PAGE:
Notes: Playing winter ball beneficial

Brewers notes: Winter ball beneficial

MILWAUKEE -- Brewers bullpen coach Bill Castro has some advice for any young pitcher on the cusp of the Major Leagues: Take your game to the Latin Winter Leagues first.

"I can speak from my own experience, the best thing that they can do is play winter ball," said Castro, who hails from the Dominican Republic. "When I signed [with the Brewers in 1970] I played winter ball, and when I came here it wasn't as big of a deal to me.

"There's more pressure for, say, a Dominican player, in winter ball than in the big leagues here. More pressure from the ownership, from the fans, so you're already exposed to all of that stress."

Twenty-two-year-old Brewers right-hander Carlos Villanueva has been through it, and Castro and manager Ned Yost believe the experience is part of the reason Villanueva has succeeded since a promotion from Double-A Huntsville.

Called into action in the third inning on Wednesday night to relieve a struggling Rick Helling, Villanueva surrendered three quick runs, but was able to get through the remainder of the game. His effort spared the rest of the Brewers' bullpen from overwork.

Five days earlier, Villanueva pitched six scoreless innings in his first Major League start, an assignment made even tougher by the fact he pitched against the potent Reds at a hitter's haven, Great American Ball Park.

"I pitched in the Winter Leagues for the first time in 2004, when I was just a kid coming out of low [Class] A in the Midwest League. The first game I pitched there, we were on the road against our biggest rival and there were 15,000 people in the stands," said Villanueva, who played for Aguilas. "Now, 15,000 in the Dominican is like 50,000 here because they're so much more intense. It has definitely helped."

Teammates who were particularly helpful to Villanueva included current Orioles shortstop and Dominican superstar Miguel Tejada, and former Major League right-hander Hipolito Pichardo. Villanueva got to test his stuff against Major League opponents like Ronnie Belliard and Jose Guillen.

"It told me that I could pitch in the big leagues," Villanueva said. "That was my mentality. It helped the confidence level, dealing with the pressure situations."

Because they were poised to put Villanueva on the 40-man roster for the first time and wanted him well-rested for his first Major League Spring Training, Brewers officials dissuaded Villanueva from playing last winter, he said.

Suite digs: The Brewers unveiled a pair of themed party suites on Wednesday that honor the 1982 American League champion Brewers and the 1957 world champion Milwaukee Braves.

The cost is $4,200 per game ($5,000 for games against the Cubs), and includes 30 game tickets, four preferred parking passes, a buffet dinner, snacks, soft drinks and beer. Additional tickets are available for $35 each. For information, fans can call 414-902-4100.

"With the new Mercedes Field Haus selling out in less than two weeks after it was put on sale, we have seen evidence of the very strong demand for all-inclusive, first-class group entertaining areas," Brewers executive vice president of business operations Rick Schlesinger said.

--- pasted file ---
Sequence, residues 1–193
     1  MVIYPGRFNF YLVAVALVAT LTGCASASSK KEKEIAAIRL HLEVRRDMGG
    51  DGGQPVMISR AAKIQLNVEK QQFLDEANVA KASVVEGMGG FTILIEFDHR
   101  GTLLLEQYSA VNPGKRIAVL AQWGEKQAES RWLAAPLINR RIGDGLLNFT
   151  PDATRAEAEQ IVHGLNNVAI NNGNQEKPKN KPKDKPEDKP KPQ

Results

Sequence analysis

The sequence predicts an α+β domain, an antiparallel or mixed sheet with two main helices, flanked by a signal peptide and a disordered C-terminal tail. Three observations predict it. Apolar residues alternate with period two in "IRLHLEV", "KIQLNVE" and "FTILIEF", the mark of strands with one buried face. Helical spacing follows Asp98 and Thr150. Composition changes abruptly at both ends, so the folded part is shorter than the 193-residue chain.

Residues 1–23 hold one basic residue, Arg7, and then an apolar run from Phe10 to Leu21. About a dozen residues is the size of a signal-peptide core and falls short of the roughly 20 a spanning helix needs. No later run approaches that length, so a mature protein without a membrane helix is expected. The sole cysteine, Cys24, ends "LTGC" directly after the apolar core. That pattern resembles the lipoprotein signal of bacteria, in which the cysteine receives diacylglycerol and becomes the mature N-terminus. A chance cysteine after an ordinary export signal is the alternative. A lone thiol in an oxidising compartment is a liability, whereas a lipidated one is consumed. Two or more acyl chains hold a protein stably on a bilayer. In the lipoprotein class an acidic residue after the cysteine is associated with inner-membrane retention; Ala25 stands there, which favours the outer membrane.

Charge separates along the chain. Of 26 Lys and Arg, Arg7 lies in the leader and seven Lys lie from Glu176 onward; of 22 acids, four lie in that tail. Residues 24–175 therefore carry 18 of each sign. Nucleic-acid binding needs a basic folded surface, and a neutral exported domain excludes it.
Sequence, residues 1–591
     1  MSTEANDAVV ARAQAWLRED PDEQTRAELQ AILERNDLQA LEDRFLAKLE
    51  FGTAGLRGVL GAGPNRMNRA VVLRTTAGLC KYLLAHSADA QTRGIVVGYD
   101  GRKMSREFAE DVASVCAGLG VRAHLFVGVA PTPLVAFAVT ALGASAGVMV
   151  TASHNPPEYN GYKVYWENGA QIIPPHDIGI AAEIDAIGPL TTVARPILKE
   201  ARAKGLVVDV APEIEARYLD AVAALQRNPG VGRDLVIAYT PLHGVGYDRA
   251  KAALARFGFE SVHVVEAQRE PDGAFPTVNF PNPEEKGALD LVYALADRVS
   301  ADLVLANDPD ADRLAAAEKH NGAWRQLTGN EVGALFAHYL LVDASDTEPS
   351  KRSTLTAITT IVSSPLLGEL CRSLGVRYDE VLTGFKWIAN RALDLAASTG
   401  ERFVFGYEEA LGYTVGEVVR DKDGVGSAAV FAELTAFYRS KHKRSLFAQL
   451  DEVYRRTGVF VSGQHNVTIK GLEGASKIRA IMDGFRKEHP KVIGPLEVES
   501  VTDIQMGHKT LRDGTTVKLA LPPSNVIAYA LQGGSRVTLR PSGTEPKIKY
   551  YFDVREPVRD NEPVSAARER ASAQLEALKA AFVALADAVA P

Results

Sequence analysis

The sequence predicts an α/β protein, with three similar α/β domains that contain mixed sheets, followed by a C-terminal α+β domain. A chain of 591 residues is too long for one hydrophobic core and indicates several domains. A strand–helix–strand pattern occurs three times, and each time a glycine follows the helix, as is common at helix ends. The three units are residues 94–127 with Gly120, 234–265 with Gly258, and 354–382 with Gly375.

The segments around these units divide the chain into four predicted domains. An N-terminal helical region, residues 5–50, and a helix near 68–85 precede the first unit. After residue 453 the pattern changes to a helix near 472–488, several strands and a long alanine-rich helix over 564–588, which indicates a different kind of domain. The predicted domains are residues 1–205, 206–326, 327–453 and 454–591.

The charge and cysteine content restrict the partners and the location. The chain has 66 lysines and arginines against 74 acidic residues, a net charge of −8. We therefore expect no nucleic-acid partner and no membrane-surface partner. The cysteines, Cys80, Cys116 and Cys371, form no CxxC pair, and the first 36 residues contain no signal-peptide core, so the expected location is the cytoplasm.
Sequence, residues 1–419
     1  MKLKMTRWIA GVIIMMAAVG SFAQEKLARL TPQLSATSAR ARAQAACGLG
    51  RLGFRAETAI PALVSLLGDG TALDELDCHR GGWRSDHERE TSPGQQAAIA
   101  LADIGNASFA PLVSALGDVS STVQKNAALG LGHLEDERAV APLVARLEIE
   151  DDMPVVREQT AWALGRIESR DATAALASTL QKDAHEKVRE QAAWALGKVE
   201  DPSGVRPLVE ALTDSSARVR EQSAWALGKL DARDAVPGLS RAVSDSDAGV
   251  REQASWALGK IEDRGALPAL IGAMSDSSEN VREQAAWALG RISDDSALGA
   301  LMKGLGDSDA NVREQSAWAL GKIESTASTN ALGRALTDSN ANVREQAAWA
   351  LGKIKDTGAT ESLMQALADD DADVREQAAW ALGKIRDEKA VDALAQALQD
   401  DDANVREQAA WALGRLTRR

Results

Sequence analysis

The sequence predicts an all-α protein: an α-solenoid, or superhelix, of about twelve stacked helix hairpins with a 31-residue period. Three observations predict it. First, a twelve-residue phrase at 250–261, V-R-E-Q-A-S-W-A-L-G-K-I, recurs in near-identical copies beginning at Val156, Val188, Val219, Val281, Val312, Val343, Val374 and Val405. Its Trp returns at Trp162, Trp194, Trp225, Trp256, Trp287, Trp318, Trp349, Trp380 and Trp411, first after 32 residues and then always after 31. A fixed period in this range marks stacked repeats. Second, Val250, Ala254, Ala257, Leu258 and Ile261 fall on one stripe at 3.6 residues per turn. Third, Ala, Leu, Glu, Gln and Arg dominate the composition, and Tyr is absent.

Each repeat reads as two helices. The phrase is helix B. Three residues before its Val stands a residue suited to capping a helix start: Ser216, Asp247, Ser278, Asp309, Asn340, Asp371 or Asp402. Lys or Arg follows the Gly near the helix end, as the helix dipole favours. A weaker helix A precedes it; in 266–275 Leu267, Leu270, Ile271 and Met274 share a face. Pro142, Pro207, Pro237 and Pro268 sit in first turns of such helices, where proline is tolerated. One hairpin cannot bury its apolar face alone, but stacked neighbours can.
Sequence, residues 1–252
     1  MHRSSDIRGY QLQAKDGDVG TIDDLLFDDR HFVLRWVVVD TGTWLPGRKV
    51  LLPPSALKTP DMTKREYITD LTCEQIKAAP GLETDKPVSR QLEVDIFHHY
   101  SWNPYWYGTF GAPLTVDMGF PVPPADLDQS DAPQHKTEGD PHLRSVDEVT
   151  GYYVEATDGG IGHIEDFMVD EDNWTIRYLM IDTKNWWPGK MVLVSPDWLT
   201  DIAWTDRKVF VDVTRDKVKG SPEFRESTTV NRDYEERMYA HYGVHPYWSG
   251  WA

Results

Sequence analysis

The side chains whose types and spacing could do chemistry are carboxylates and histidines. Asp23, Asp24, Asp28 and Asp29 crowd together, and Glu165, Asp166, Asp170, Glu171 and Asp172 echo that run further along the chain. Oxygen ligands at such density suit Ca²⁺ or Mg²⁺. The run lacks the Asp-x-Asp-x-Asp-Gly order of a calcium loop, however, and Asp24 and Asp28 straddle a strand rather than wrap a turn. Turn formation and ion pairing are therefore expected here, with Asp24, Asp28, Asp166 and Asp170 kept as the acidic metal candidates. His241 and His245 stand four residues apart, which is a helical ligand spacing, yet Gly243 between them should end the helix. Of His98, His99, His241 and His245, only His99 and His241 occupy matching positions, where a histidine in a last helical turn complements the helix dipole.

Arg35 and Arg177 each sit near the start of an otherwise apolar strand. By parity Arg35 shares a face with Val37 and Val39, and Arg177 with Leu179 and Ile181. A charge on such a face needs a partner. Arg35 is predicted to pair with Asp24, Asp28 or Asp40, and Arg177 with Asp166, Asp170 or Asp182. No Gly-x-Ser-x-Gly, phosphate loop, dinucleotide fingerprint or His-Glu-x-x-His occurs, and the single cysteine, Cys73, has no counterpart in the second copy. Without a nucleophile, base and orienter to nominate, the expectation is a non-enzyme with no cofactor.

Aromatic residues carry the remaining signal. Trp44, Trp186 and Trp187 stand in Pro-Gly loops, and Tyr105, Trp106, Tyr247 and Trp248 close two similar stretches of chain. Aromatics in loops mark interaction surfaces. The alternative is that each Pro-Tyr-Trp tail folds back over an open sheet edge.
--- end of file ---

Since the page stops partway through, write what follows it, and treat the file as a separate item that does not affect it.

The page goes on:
Each suite contains photos and color schemes representing the teams, and is furnished with hardwood floors and three 50-inch high definition televisions.

Helling stays put: Yost said he intends to start Helling on regular five days' rest on Sunday at Kansas City, and is leaning toward using left-hander Zach Jackson in the other unsettled rotation spot on Tuesday against the Chicago Cubs.

That means Villanueva will remain in the bullpen as a long reliever. Yost said he intends to split the No. 5 starter's spot between Jackson and Villanueva based on opponents' statistical splits versus left-handers and right-handers.

Helling surrendered seven runs, including a pair of Magglio Ordonez homers, in his return from the disabled list on Tuesday night. He had not pitched since April 10 because of a sprained ligament in his right elbow.

Memory lane: Helling remembers a stop on the Texas Rangers' Winter Caravan in the early 1990s. A young fan, 16 or 17 years old at the time, approached Helling, who was the Rangers' first-round draft pick in 1992.

"He came to the Caravan to get an autograph, I'll never forget it," Helling said. "He was like, 'I'm going to play for the Rangers some day!'"

Helling laughed it off. But that kid was Craig Monroe, a Texarkana, Tex., native drafted by the Rangers in the eighth round in 1995. In 2001, Helling and Monroe were Major League teammates, and this week they met again as Helling and the Brewers faced Monroe and the Tigers.

"Sure enough, he got some big-league time," Helling said. "I've known about him for a long time."

In the Minors: The Brewers announced that 2005 first-round draft pick Ryan Braun would be promoted from Class A Brevard County to Double-A Huntsville. Braun hit .269 at Brevard County with seven home runs and 36 RBIs and was a member of the Florida State League All-Star team last weekend.

Also on Wednesday, Braun was named to the U.S. squad for the 2006 All-Star Futures Game in Pittsburgh. Fast-rising teammate Yovani Gallardo will pitch for the World squad.

Triple-A Nashville pitching coach Stan Kyles will serve as a coach for the U.S. team. The game is scheduled for July 9, at 3 p.m. CT and will be televised live on ESPN2.

On deck: After a day off Thursday, the Brewers continue the Interleague schedule with three games in Kansas City. Right-hander Dave Bush is scheduled to start the opener for the Brewers against Royals right-hander Bobby Keppel.

Adam McCalvy is a reporter for MLB.com. This story was not subject to the approval of Major League Baseball or its clubs.